The Man in the Hills. (Part 2/2)

Some said that Buddhua learned English just by looking at the movie posters; others believed Buddhua to be a genius who had God-given knack for the language. Some argued that Buddhua was an Englishman in his previous life and had remembered the language from back then. Another and the far more interesting version was that Buddhua was a bastard of Mr. Ramsey. And this version of the story was interesting because Mr. Ramsey used to provide financial support to Buddhua during his life and Mrs. Ramsey had instructed Thampa to give all the money from house rent to Buddhua. Yet it was a controversial matter. The debate about the origin of English as the primary language of Buddhua and his parenthood was never settled among the residents of the town. I have seen hundreds of hours and innumerable tea and cigarettes go in vain during the debate as the result was always inconclusive.

But personally, I have had some very different experience with Buddhua. He was kind of an introvert. It seemed that he had all this flood of emotions locked tightly in his heart to keep it away from the rest the world. Buddhua spoke very precisely and very poetic. He sat in the corner of the tea shop, with the air packed with overwhelming emotions, yet he managed to keep himself away from their influence. He always wore the same face, in bliss and in tragedy, a plane, emotionless face. Even his face didn’t give away what he was thinking. I had some very interesting conversations with Buddhua. He used to tell me a wide range of stories from the hills and beyond, the stories of life, of death and adventure. The most fascinating ones were of the ghosts and spirits. He was not a religious man and never had anyone seen him visiting any temple or Church or Mosque for that matter. Neither did he worship any deity that I know of. Yet he believed in angels and hell and heaven or reincarnation. He was very kind to animals and children. He used to say that people didn’t get him. No one knew where he spent all his days except for the time that he was in the tea shop and in the streets showing magic tricks to children or telling them stories of adventure. After a few sips of the heavenly drink of his, he used to be transformed into a philosophical preacher. And I dare say, he had some wonderful ideas in his head, however, non-conventional and bizarre were they. He used to say some very hard-hitting one-liners of great quality. Some of them too genius to be understood by the simple people of the hills. I once asked him if he had read philosophy. He said that he needn’t read a book to understand the complications and the mystery of human life. The hill and its people have taught him all he knew. Most of the time the people of hill ignored what Buddhua said as drunken talk. Yet he was loved by all and hated by none. He had an aura of familiarity and love and acceptance. He had in time become a member of the family for all the people of the town.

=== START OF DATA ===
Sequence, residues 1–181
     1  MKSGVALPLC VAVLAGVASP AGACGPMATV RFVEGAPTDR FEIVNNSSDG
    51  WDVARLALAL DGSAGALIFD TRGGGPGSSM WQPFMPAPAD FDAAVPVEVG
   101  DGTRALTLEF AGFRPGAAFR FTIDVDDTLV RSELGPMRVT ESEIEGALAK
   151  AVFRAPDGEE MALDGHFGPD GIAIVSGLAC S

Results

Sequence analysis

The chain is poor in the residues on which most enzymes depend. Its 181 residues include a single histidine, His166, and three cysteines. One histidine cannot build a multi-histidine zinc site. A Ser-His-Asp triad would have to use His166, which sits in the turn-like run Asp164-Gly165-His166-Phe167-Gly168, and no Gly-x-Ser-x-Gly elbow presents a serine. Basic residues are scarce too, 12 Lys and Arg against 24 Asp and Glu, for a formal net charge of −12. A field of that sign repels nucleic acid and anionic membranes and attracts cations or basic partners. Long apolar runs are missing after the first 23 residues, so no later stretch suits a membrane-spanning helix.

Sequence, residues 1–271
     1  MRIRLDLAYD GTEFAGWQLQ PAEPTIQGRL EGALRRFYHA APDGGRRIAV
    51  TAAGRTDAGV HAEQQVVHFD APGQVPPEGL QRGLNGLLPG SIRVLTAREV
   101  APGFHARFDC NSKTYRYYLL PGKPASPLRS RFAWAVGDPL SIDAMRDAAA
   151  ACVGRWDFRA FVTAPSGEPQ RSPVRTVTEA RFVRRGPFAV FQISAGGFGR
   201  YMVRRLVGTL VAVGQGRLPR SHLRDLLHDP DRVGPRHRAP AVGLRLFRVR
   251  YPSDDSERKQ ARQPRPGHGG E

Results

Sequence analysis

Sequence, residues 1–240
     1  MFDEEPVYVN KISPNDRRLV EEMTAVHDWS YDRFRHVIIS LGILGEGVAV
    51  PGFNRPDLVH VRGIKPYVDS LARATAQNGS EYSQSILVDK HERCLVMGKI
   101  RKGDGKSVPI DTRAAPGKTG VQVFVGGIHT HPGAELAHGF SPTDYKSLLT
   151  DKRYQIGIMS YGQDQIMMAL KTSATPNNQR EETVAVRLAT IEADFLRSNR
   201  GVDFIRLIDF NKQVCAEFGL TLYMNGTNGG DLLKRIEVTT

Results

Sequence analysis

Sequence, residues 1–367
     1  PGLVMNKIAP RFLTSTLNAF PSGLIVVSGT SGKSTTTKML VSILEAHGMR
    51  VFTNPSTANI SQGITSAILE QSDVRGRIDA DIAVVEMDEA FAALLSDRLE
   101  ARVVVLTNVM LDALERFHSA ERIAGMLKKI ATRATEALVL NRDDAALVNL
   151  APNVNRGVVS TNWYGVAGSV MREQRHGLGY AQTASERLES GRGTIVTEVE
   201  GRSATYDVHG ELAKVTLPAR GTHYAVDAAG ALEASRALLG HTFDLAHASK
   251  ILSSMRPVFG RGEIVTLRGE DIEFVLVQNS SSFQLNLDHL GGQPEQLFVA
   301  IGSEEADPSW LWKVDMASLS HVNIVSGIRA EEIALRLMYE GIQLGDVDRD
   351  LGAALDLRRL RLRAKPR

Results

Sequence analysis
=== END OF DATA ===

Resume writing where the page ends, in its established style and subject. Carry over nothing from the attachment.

Then one evening a kid came running down to the tea shop and said that Buddhua has died. The town came to a standstill. Everyone rushed to the spot where he was lying. We saw Buddhua lying in the soft green grass as it was embracing him in her lap. The long and majestic trees of the forest stood above his head to provide shelter. His face was calm. His body was sound and still. It seemed that he had released all the darkness and bliss that was inside him in the hills as his soul departed his body. The surrounding was sad but not depressing. Finally, Buddhua was summoned to a place more fit for him.

There was again a furious discussion about his last rites. Those who believed him to be a bastard of Mr. Ramsey insisted on catholic burial whereas others favored traditional cremation. After much shouting and debating the elders of the town intervened, it was decided that his body will be cremated and the ashes will be buried.

The following day’s people made bizarre claims. Some claimed to see him in their dreams; others saw him in the streets. A shepherd claimed to see him walking up the mountain along the lake with angles guarding him. The man in his torn suit and calm exposure was gone forever. But the identity, the emotion, and the memories had clung on to the people of the hill.

Once I asked Buddhua if his Ideas were not too impractical for the real world and he said, “I am a dreamer, I need not be right but I could not be wrong”.

Buddhua departed from the materialistic world set free in the sky like a bird with no boundaries and limitations like he always was meant to be. But he left behind a piece of him in every person of the hill. He was the eternal bliss and the devastating tragedy. He was the hill and its life.

For Part 1 visit The Man in the Hills. (Part 1/2)


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